Flourless Fudge Cookies: putting a tricky recipe to the test

This is the story of a recipe involving cocoa, egg whites, great joy, frustration, and guilt.

Lots and lots of guilt.

Let me elaborate. I’m the person nominally in charge of the online recipe site here at King Arthur Flour. I say nominally, because there are lots of us from the test kitchen contributing recipes; and I’m simply the one who tries to keep them organized.

I’ve been shepherding recipes at King Arthur Flour for nearly 25 years; they feel like my children. And, like children, I love them all – often for very different reasons.

Almond Puff Loaf looks and tastes REALLY elegant and fancy, yet it’s simplicity itself to make. English Muffin Toasting Bread, also an easy recipe, makes perfect toast. Famous Department Store Blueberry Muffins pique long-ago memories: the top-floor tea room at Jordan Marsh in downtown Boston, my little-girl self surrounded by “ladies who lunch.”

Doughnut Muffins are a joyful surprise: hey, this muffin tastes EXACTLY like a cinnamon doughnut! Golden Butter Buns just plain make me happy.

And Fudge Brownies are DA BOMB – that’s the only way to put it.

Bottom line, I care about our recipes. I care a lot. And thus, when I notice one going off the rails, I feel guilty. How many readers have had a bad experience? How has that affected their trust in King Arthur Flour as a baking resource?


Flourless Fudge Cookies – what’s your problem?

Elisabeth, one of our baker specialists, spends a lot of time on the phone with all of you out there. If you call our hotline often, you’ve probably spoken with her. Elisabeth buttonholed me the other day, and said, “We need to do something about those Flourless Fudge Cookies. People seem to be having trouble.”

A discussion, and some followup research, reveals that indeed, despite mostly 5-star reviews, a significant body of bakers isn’t happy with the recipe.

“Horrible, horrible, sticky, bitter cookies,” says Lolly from North Carolina. “This might be the only ‘failure’ I’ve ever had with a KAF recipe,” adds Jess from South Jersey.

On the other hand, Toni writes, “I love this fudge cookie!” And Jenphifer01 adds her approval, writing, “These are quite possibly the best cookies I have ever had, much less made myself.”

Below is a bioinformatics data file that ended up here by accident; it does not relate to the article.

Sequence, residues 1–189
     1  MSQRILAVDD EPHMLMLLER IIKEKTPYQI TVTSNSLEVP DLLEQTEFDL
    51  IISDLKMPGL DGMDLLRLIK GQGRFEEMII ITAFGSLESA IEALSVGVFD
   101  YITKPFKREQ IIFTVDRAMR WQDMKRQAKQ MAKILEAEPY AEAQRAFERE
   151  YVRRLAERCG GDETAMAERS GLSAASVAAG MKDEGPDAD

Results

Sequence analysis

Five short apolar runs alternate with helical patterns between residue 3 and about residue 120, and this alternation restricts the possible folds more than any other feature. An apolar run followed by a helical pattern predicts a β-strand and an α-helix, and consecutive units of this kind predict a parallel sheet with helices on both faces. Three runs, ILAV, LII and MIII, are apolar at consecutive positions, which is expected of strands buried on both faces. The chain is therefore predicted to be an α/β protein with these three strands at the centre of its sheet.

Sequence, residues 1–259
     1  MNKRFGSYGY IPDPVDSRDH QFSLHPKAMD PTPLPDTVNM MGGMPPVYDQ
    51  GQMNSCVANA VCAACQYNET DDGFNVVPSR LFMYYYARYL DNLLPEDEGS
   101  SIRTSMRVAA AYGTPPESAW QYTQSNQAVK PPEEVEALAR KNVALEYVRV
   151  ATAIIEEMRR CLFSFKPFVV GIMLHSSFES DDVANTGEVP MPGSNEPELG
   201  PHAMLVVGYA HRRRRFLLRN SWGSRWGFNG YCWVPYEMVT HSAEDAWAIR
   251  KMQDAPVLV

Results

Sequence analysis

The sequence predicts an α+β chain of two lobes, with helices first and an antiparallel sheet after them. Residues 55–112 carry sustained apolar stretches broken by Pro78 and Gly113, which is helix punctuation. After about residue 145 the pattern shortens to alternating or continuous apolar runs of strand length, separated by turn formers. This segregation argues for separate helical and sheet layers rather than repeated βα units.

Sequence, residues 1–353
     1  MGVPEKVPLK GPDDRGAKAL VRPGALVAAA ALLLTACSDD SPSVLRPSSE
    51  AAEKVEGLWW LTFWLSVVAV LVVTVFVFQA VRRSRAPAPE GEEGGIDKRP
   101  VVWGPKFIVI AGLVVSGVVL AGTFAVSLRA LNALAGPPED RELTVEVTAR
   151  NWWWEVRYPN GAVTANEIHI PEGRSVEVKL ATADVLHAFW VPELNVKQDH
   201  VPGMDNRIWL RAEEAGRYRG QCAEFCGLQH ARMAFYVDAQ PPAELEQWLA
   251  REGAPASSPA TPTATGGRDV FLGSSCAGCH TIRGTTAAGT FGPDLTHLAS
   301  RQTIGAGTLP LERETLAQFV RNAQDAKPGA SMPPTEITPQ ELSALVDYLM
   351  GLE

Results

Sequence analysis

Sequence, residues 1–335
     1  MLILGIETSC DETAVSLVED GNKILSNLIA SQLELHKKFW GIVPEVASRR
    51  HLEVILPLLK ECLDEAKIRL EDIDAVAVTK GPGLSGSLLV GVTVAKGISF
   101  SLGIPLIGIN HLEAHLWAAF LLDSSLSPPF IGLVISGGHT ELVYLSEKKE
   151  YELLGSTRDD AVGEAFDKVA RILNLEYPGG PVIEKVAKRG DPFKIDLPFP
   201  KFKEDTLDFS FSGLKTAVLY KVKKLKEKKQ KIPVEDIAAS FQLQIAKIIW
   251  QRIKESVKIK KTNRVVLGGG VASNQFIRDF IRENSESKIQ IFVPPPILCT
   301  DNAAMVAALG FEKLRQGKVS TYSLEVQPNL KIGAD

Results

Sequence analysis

What gives? How can a cookie be “the best” and a “failure” – all at once?


Clearly, I needed to put this recipe to the test.

Which I did – for two solid days. And I’m happy to report, I’ve learned a lot about this particular recipe. Let’s take it from the top, and see what makes these cookies a raving success for most of you – and what causes them to crash and burn for others.

Let’s start with the recipe ingredients, which thankfully are pretty simple:

2 1/4 cups (9 ounces) confectioners’ sugar
1/4 teaspoon salt
1 teaspoon espresso powder, optional but good
1 cup (3 ounces) cocoa powder
3 large egg whites (3 3/4 ounces)
2 teaspoons vanilla extract
2 cups chocolate chips, chopped walnuts, and/or dried cranberries, optional

Notice I’ve added weights here; using a scale will absolutely help you ensure success with this recipe.

DSC_84091. Use the exact amount of egg white called for.

Use large eggs; or extra-large, in a pinch. Using medium or jumbo eggs will yield batter that’s either too dry, or too liquid. If you have a scale, 3 3/4 ounces of egg whites is your goal; if not, a scant 1/2 cup of whites is what you’re aiming for, as shown in the photo above.


2. Brand/type of cocoa makes a difference.

For testing purposes, I compared King Arthur’s Triple Cocoa Blend (a combination of natural and Dutch-process cocoa) with Ghirardelli natural, and Hershey’s Special Dark (again, a blend of natural and Dutch-process cocoas).

Each cookie had its own distinct flavor. I preferred the King Arthur cookie (and not just because I work here!). I found it chocolate-y, without being bitter or astringent. The natural-cocoa cookie tasted flat and too sweet to me; the Hershey’s, just a bit “off.”

If you use Hershey’s cocoa, be aware that your batter will be thicker than what you’ll see pictured below; and the resulting cookies will be mounded, rather than flat/smooth.


3. Measure your cocoa (and sugar) carefully.

See the cup of cocoa on the left? It’s pretty much a cup, right? Well, “pretty much” doesn’t cut it in this finicky recipe. Spoon cocoa into your DRY measuring cup (please don’t use a glass liquid measuring cup; it’s not accurate enough for this use). Level off any excess off with a table knife. You should have 3 ounces of cocoa.

Measure confectioners’ sugar the same way. You need 9 ounces; that’s 2 1/4 dry measuring cups.

Or, better yet – use a scale. You’re right – I’m going to harp on this scale thing till the cows come home!


3. Whisk the wet and dry ingredients together separately.

Whisking the egg whites separately breaks them down a bit, making it easier to combine them with the cocoa and sugar.